UCLA biologists reported last year on the evolution of 129 primate faces in species from Central and South America. This research team now reports on the faces of 139 Old World African and Asian primate species that have been diversifying over some 25 million years.

With these Old World monkeys and apes, the species that are more social have more complex facial patterns, the biologists found. Species that have smaller group sizes tend to have simpler faces with fewer colors, perhaps because the presence of more color patches in the face results in greater potential for facial variation across individuals within species. This variation could aid in identification, which may be a more difficult task in larger groups.

Species that live in the same habitat with other closely related species tend to have more complex facial patterns, suggesting that complex faces may also aid in species recognition, the life scientists found.

"Humans are crazy for Facebook, but our research suggests that primates have been relying on the face to tell friends from competitors for the last 50 million years and that social pressures have guided the evolution of the enormous diversity of faces we see across the group today," said Michael Alfaro, an associate professor of ecology and evolutionary biology in the UCLA College of Letters and Science and senior author of the study.

"Faces are really important to how monkeys and apes can tell one another apart," he said. "We think the color patterns have to do both with the importance of telling individuals of your own species apart from closely related species and for social communication among members of the same species."

Most Old World monkeys and apes are social, and some species, like the mandrills, can live in groups with up to 800 members, said co-author Jessica Lynch Alfaro, an adjunct assistant professor in the UCLA Department of Anthropology and UCLA's Institute for Society and Genetics. At the other extreme are solitary species, like the orangutans. In most orangutan populations, adult males travel and sleep alone, and females are accompanied only by their young, she said. Some primates, like chimpanzees, have "fission-fusion societies," where they break up into small sub-groups and come together occasionally in very large communities. Others, like the hamadryas baboons, have tiered societies with harems, clans, bands and troops, she said.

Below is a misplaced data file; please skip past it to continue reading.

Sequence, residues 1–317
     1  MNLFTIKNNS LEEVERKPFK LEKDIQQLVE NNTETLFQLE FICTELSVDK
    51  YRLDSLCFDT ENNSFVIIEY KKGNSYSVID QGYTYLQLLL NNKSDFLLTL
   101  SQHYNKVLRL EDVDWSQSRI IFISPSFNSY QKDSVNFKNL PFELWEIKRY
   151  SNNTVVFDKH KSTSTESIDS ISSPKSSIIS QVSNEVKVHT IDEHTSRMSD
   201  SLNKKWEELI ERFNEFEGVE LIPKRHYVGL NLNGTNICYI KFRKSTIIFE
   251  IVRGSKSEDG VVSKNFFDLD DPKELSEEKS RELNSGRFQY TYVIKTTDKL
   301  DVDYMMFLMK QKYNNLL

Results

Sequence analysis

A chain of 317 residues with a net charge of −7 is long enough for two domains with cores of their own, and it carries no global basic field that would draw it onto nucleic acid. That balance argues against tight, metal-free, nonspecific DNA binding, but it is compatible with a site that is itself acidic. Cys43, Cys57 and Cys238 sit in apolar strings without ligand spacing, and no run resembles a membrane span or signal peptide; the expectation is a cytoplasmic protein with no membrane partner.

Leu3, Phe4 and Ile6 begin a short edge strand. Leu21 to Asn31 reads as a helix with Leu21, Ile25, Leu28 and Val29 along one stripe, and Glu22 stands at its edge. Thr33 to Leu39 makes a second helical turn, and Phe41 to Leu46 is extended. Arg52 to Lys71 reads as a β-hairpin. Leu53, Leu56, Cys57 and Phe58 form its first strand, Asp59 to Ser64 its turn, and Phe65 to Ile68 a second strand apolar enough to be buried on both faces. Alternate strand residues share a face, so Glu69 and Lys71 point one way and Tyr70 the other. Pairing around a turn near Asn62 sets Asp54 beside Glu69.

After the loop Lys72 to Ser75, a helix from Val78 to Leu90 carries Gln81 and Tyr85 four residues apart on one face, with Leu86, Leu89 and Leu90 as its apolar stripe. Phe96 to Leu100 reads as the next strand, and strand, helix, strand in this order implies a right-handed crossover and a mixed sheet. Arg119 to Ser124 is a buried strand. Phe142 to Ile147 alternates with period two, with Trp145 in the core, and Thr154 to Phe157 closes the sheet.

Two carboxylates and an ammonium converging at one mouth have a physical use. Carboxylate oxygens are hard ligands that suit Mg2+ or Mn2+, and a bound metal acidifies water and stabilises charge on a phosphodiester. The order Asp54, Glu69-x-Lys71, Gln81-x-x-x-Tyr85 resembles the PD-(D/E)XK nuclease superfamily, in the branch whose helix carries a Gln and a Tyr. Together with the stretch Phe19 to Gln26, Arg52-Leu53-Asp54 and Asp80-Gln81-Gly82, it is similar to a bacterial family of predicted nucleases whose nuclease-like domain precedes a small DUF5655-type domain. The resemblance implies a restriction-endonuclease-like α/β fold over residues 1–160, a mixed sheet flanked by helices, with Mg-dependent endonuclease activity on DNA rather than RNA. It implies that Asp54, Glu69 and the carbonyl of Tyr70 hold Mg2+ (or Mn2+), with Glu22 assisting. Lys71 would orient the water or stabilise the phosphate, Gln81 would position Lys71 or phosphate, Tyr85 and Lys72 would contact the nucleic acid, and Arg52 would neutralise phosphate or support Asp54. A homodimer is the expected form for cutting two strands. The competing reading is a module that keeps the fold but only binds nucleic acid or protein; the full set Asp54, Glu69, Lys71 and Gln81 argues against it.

"Our research suggests increasing group size puts more pressure on the evolution of coloration across different sub-regions of the face," Michael Alfaro said.

This allows members of a species to have "more communication avenues, a greater repertoire of facial vocabulary, which is advantageous if you're interacting with many members of your species," he said.

The research, federally funded by the National Science Foundation and supported through a postdoctoral fellowship from the UCLA Institute for Society and Genetics, was published Nov. 11 in the journal Nature Communications.

Lead study author Sharlene Santana used photographs of primate faces for her analysis and devised a new method to quantify the complex patterns of primate faces. She divided each face into several regions; classified the color of each part of the face, including the hair and skin; and assigned a score based on the total number of different colors across the facial regions. This numerical score is called the "facial complexity" score. The life scientists then studied how the complexity scores of primate faces were related to primates' social systems.